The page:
07 April, 2020

#Interview with @BrandonMLindsay, #Author of Shoreseeker


About the Author:
Author's Amazon Page




Brandon M. Lindsay grew up in the Seattle area and lives in Tokyo, Japan. He now has a son, whom he is trying to teach how to slay dragons. It's a work in progress.
His fantasy stories have won awards from the Writers of the Future contest and are published in anthologies alongside stories by Brandon Sanderson, David Farland, and other fantasy greats.







Brandon on the Web:
Website * Facebook * Twitter

Interview with Brandon M. Lindsay


When did you first realize that you wanted to be a writer/ a storyteller?

I had always drawn and written small books about aliens and dinosaurs when I was a kid, and even tried my hand at fanfiction when I was in middle school, so wanting to write was never a switch that I had to flip. The desire was always there, if in the background.
But the moment I decided to pursue it seriously was after playing Final Fantasy 7 for the first time. I was floored by the idea that games could have stories like that, with depth that could rival any of the books I had read. I decided that stories were the most important thing in my life, and that there were stories that only I could tell. So I proceeded to tell them.

What inspires you to write?

One of the greatest sources of inspiration for me is a story that doesn't achieve its full potential. I walk away thinking, "If only this had happened..." It gets the gears turning and gives me a seed of an idea that may turn into something useful later on, or perhaps even the premise of a full-fledged story. I love the idea that new stories are the continuation of a conversation started by older stories.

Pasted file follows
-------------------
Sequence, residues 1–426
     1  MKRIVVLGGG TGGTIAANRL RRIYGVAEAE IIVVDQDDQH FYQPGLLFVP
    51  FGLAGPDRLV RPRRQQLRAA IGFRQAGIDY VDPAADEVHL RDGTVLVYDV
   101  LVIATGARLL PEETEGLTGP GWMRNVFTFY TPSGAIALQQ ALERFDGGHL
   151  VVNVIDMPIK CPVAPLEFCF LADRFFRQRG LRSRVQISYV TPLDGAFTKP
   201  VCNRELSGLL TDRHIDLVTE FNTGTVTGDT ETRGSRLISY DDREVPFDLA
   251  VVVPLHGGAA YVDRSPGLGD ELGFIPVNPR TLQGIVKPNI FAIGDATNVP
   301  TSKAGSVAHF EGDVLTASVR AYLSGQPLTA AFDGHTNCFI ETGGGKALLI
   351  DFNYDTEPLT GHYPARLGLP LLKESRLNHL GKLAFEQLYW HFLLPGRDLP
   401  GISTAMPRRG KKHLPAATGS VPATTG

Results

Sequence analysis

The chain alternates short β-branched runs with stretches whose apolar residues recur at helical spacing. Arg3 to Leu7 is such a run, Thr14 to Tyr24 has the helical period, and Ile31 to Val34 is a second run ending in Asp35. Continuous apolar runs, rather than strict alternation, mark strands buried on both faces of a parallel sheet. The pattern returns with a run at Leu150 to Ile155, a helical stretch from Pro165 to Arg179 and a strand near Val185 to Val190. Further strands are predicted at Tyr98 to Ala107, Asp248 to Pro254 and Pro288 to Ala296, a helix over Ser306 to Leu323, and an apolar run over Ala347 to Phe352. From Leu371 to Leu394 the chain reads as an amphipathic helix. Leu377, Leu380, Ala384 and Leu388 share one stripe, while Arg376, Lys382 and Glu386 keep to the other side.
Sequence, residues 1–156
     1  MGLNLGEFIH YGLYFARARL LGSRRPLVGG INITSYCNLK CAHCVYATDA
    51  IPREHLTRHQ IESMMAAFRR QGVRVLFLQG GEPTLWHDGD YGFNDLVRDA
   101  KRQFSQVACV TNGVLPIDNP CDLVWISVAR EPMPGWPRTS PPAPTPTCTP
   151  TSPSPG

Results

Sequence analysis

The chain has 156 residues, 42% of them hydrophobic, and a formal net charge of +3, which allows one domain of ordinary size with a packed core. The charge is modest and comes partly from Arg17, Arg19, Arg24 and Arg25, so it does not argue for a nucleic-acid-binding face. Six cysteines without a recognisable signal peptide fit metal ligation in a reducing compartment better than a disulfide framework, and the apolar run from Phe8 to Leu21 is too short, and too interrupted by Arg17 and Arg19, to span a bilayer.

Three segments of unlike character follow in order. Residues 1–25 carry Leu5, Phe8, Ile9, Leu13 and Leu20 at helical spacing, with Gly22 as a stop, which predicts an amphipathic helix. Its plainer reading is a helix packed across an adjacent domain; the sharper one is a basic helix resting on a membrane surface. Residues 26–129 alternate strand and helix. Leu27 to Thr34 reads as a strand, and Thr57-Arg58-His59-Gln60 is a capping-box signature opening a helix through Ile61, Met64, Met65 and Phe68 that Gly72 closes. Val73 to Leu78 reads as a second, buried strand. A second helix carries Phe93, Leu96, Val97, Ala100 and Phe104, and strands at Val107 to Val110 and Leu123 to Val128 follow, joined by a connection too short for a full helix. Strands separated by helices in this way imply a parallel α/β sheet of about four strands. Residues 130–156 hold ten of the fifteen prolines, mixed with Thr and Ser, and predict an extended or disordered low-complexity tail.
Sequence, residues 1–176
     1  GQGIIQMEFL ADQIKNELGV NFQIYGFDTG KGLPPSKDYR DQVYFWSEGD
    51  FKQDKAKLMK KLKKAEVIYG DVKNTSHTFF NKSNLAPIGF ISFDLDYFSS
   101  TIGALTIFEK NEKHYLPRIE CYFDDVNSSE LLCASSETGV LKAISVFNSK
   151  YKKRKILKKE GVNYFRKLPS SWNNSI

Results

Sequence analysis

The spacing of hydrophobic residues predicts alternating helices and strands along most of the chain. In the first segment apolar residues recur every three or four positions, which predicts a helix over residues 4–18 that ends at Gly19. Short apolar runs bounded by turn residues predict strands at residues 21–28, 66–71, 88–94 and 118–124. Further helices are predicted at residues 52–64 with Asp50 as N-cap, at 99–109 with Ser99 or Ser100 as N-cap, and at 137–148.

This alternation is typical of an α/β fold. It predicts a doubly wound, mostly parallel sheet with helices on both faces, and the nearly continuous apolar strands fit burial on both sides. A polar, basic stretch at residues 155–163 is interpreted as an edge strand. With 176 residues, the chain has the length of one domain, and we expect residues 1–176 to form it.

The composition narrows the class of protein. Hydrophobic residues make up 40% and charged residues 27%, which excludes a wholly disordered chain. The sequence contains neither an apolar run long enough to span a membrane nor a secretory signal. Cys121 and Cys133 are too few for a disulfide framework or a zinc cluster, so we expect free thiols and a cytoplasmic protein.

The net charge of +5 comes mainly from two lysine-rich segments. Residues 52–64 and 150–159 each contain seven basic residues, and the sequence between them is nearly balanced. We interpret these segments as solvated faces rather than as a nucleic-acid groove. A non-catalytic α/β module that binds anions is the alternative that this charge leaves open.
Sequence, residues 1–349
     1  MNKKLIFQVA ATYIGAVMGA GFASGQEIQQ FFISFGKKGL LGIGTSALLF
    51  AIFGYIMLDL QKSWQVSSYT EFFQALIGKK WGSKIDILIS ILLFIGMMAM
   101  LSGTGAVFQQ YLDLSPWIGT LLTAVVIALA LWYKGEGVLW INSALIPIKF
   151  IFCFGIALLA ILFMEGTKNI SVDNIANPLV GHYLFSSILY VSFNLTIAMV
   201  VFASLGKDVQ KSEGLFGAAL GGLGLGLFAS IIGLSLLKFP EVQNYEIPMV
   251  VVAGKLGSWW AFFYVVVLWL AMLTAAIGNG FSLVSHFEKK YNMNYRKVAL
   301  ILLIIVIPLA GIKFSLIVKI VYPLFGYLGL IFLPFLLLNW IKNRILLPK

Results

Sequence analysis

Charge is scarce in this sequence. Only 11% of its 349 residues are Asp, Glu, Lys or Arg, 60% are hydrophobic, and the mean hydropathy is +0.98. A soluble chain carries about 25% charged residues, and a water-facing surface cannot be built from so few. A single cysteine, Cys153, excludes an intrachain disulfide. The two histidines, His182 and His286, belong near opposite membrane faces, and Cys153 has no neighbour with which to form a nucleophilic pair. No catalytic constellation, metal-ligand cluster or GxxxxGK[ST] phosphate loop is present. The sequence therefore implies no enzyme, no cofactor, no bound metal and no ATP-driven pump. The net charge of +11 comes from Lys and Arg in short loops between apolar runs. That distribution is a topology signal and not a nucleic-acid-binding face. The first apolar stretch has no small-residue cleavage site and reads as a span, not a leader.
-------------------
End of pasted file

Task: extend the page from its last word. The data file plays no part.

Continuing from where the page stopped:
How did you come up with the idea for your current story?

My current series, called the Farshores Saga, has quite a few moving parts, so it's difficult for me to pinpoint which of its ideas came first. But I think one major image that influenced me was an opening scene in Death Note, where some monsters are sitting around in a dead world. I saw that and wanted to write in a world like that, where the monsters had nearly wiped out humanity and they were all that was left. That formed one of the major premises of my books.

Are there some stories tucked away in some drawer that was written before and never saw the light of the day?

Yup! My first novel was a quarter-million-word monstrosity (unfinished when I abandoned it!) back when I thought a more literary style *cough purple prose cough* was best.
I also wrote a script for a sci-fi game, which I may get around to making if they ever find a cure for aging.

Tell us about your writing process.

I have what I like to call a shotgun approach. I write in a completely scattered fashion, each scene a shotgun pellet which hits the paper target at a different time. I usually start with a few overarching ideas and images, and a few very concrete scenes in my head, which I write first. I use these as anchor points for the rest of the story to build on. After that, I tend to write certain character or story arcs in chronological order, though I may skip between two or three at the same time.